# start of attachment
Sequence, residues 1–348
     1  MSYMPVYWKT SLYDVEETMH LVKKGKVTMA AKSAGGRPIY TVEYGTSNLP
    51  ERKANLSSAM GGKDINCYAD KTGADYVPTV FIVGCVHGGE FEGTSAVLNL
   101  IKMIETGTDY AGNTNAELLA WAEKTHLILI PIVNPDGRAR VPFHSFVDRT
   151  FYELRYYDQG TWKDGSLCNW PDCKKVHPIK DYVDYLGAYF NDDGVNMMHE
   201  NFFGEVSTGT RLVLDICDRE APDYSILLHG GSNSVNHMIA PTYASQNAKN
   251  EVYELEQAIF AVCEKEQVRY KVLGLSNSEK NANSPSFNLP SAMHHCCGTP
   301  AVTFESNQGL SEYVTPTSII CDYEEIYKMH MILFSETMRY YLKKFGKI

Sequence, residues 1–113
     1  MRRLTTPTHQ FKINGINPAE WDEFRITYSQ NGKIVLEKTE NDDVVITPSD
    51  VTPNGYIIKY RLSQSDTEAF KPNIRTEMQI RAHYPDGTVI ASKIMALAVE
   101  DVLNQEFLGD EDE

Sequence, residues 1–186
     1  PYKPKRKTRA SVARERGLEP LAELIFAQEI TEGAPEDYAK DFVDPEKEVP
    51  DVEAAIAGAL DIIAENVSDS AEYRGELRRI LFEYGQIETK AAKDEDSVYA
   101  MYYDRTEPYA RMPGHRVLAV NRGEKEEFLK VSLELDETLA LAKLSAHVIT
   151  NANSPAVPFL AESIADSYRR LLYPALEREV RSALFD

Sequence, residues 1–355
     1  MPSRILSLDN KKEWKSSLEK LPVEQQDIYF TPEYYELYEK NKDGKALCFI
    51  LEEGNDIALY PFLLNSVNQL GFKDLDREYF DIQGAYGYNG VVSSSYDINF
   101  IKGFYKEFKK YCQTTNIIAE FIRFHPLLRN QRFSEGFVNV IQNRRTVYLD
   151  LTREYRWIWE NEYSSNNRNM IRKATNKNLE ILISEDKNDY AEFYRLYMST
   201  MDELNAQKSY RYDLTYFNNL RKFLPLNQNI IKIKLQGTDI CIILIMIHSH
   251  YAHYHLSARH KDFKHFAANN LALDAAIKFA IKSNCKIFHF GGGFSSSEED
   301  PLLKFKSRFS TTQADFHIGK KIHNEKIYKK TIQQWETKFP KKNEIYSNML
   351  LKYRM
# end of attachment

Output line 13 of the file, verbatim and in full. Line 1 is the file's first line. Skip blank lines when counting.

Sequence, residues 1–186